What is it about?

Dissociative experiences commonly occur in response to trauma, and while their presence strongly impacts treatment approaches, they remain poorly understood and the field lacks an objective way to measure them. Brain-based measures have the potential to serve as an objective measure of dissociation, but it remains unclear whether it is possible to estimate an individual person’s dissociative capacity with a measure of brain function. The authors used a novel machine-learning technique to test whether intrinsic functional brain network connectivity could estimate dissociative symptoms in women with histories of childhood abuse and current posttraumatic stress disorder. They were able to estimate dissociation from these brain-based measures, suggesting aberrant brain network connectivity is associated with dissociative symptomatology.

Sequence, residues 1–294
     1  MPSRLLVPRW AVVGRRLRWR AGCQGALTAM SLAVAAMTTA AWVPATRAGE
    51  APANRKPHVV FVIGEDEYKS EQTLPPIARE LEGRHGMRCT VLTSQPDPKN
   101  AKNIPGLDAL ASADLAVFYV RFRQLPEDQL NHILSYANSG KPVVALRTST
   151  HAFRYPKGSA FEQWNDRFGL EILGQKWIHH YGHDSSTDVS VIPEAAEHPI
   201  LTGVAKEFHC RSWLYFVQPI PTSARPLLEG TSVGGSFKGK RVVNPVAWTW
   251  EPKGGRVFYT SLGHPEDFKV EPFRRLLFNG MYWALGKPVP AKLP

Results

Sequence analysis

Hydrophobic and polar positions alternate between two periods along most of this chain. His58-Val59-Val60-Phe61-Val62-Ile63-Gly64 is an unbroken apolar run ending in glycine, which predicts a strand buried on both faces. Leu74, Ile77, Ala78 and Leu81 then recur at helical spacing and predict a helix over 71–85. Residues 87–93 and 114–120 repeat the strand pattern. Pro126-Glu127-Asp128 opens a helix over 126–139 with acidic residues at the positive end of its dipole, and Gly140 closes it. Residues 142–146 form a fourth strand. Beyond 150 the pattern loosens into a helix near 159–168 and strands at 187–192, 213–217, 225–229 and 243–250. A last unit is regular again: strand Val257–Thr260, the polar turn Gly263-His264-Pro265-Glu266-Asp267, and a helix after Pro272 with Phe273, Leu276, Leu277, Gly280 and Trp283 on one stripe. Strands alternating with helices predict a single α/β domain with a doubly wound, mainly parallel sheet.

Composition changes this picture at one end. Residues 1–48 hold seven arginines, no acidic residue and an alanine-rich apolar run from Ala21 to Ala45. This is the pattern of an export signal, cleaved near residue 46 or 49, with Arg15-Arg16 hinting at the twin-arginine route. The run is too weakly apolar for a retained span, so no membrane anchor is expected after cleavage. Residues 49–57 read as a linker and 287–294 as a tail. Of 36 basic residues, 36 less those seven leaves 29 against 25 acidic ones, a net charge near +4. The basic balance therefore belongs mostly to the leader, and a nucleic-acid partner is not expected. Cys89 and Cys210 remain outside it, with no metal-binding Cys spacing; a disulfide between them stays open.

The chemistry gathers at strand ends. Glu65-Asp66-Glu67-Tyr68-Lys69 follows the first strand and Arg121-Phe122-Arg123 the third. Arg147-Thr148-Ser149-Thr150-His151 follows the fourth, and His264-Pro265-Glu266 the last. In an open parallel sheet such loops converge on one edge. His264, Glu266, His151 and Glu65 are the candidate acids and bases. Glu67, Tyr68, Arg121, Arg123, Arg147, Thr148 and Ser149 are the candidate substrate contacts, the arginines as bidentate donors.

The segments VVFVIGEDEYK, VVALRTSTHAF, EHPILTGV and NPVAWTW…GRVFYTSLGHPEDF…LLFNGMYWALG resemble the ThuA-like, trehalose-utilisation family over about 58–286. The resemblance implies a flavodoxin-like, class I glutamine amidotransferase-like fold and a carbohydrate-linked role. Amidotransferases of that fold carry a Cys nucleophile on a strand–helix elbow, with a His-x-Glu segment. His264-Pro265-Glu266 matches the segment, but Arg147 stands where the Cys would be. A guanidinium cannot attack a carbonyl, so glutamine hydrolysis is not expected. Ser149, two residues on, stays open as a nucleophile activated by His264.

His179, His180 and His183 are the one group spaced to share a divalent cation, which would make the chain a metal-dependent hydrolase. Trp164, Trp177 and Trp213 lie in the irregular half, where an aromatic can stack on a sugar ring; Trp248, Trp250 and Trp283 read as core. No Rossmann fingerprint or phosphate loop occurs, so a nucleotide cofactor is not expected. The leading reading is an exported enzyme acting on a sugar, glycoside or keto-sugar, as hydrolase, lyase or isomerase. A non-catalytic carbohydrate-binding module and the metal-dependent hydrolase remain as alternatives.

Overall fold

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Why is it important?

This moves us one step closer to identifying a ‘fingerprint’ of dissociation in the brain that could be used as an objective diagnostic tool. In the future, once brain-based measures reach high levels of sensitivity and specificity, we could use these assessments in individuals who are unable to effectively talk about their symptoms—for example, those who might intentionally or unintentionally minimize or exaggerate their symptoms—or in situations like court proceedings where objective corroborating evidence is requested.

Read the Original

This page is a summary of: Large-Scale Functional Brain Network Architecture Changes Associated With Trauma-Related Dissociation, American Journal of Psychiatry, February 2021, American Psychiatric Association,
DOI: 10.1176/appi.ajp.2020.19060647.
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